April 16, 2024

Though one former member of the PGA Tour has accused Tiger Woods of using performance-enhancing substances at some point in his career, golf is one of the few sports where doing so will offer you a significant competitive advantage.

 

The training routine Tiger Woods followed to develop the power, flexibility, and endurance necessary to become one of the most dominant players to have ever set foot on a golf course contributed to his meteoric rise to fame in the second half of the 1990s.

 

His decision to play the game like a true professional athlete was a fairly revolutionary development that changed the course of the sport because many other golfers realized they had to follow suit if they wanted to play at his level. Of course, he wasn’t the first golfer to use diet and exercise to his advantage.

 

Mark Lye, a former member of the PGA Tour, seems to believe that Tiger received some unethical assistance in establishing himself as a legend.

 

Lye made his PGA Tour debut in 1977 and only managed to win one tournament during his time on the circuit. After retiring in 1995, he changed his focus to broadcasting, which coincided with the year that Woods participated in his first professional event as an amateur.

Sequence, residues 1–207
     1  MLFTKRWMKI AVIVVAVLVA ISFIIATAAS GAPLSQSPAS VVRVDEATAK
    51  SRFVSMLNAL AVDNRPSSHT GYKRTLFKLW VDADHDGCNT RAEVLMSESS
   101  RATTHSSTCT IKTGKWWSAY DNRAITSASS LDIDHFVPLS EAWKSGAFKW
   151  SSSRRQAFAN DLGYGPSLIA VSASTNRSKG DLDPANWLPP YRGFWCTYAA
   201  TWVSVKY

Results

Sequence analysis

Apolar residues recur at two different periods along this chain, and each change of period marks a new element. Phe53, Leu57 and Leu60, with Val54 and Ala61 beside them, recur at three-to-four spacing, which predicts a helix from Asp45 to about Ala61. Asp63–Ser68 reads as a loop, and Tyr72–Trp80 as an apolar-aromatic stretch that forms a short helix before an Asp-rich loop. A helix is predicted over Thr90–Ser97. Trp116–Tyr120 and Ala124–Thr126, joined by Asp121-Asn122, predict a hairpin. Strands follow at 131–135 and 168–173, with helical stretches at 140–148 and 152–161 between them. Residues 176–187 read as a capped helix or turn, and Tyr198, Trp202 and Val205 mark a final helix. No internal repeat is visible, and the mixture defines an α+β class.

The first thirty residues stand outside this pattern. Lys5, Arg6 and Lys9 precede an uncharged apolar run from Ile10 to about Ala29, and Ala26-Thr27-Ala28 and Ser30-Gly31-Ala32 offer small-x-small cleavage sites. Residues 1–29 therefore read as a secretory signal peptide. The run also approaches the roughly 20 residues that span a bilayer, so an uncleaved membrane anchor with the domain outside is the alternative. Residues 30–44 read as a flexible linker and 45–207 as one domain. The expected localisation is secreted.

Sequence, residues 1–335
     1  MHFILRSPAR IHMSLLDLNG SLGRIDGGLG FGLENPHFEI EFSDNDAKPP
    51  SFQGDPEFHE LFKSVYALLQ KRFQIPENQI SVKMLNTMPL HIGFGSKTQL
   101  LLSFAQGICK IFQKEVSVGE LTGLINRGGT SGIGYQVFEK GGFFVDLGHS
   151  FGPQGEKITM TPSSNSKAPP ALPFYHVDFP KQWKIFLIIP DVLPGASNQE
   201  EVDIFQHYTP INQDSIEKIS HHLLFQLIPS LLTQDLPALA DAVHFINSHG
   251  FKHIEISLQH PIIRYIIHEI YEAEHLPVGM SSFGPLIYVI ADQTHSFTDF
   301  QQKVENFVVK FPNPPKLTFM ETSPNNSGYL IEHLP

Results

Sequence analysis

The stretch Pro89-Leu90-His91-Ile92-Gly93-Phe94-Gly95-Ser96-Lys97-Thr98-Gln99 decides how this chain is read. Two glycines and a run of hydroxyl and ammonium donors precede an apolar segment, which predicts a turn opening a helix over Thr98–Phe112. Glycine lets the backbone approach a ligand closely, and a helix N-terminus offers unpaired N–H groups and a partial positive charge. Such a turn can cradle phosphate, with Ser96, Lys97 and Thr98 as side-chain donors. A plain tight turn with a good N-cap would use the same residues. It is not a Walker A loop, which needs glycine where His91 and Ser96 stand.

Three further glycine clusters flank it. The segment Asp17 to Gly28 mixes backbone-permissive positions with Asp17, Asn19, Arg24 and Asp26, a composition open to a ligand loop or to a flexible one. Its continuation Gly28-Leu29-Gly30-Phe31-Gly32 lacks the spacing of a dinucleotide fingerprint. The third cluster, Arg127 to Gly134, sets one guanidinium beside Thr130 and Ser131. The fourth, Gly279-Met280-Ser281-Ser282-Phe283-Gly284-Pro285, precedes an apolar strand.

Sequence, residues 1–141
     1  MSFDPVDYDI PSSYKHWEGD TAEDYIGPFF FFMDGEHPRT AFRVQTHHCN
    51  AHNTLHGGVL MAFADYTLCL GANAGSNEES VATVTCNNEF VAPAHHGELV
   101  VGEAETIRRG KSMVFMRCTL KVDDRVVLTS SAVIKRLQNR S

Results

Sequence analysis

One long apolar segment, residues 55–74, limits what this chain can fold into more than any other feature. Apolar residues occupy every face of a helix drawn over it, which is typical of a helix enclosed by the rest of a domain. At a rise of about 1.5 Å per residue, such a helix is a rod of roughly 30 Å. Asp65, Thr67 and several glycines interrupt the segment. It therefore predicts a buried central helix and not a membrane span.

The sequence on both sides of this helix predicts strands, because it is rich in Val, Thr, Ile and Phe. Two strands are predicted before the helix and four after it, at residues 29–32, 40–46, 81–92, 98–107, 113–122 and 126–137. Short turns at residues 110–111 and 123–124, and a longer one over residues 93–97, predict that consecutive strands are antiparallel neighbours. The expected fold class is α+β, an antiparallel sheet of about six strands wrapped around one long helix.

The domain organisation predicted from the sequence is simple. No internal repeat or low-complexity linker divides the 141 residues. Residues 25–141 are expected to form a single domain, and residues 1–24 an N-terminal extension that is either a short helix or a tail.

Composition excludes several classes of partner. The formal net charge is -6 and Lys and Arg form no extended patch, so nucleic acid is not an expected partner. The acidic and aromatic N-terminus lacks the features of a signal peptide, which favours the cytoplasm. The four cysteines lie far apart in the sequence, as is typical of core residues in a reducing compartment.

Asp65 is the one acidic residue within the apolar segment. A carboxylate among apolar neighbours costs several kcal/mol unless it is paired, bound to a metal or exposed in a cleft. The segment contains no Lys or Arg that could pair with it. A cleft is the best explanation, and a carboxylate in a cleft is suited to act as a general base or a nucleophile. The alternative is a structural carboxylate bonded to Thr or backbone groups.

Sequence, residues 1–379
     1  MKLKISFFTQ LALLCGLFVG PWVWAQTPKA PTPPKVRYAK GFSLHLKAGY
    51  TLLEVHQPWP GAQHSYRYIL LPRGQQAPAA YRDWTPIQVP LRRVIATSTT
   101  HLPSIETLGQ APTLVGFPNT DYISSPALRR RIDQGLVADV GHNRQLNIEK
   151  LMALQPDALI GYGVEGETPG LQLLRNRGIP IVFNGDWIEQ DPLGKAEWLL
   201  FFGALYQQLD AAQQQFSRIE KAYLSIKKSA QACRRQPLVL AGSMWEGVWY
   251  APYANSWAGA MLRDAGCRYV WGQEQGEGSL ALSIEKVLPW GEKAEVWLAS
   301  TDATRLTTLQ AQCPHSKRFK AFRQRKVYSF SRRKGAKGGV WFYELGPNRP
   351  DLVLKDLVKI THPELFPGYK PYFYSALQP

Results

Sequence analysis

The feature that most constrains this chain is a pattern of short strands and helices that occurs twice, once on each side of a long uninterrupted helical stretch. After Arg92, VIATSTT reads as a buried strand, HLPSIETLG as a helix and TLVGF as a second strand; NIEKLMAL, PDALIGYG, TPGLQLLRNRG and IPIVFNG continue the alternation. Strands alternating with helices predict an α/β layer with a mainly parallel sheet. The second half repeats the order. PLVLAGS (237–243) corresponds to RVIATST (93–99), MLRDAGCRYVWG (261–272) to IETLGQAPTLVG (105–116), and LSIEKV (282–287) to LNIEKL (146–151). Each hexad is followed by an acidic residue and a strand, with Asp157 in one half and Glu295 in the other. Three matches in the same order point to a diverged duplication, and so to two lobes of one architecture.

In response to a query about reports that Woods used steroids at some point in his career, Lye said it’s a badly kept secret on a recent episode of Don’t @ Me with Dan Dakich.

 

Individuals in Tiger’s support group advise him to “shut up about it.” No one has ever left like that.

 

That has never been spoken quite way I am saying it now. There’s simply no question. Additionally, I estimate that 80–90% of people are aware that something is wrong.

 

Previously, renowned sportswriter Michael Bamberger looked at circumstantial evidence that may have indicated Woods used performance-enhancing drugs (PEDs) at some point.

 

He pointed out that although Tiger’s physique undoubtedly transformed during that time—more than ten years after he started pro—it would be absurd to argue that he couldn’t have undergone that metamorphosis without the use of drugs. The PGA Tour didn’t begin testing for steroids until 2008.

 

Because there is so little evidence, it is difficult to accept Lye’s claim, albeit some doubters will undoubtedly always exist.

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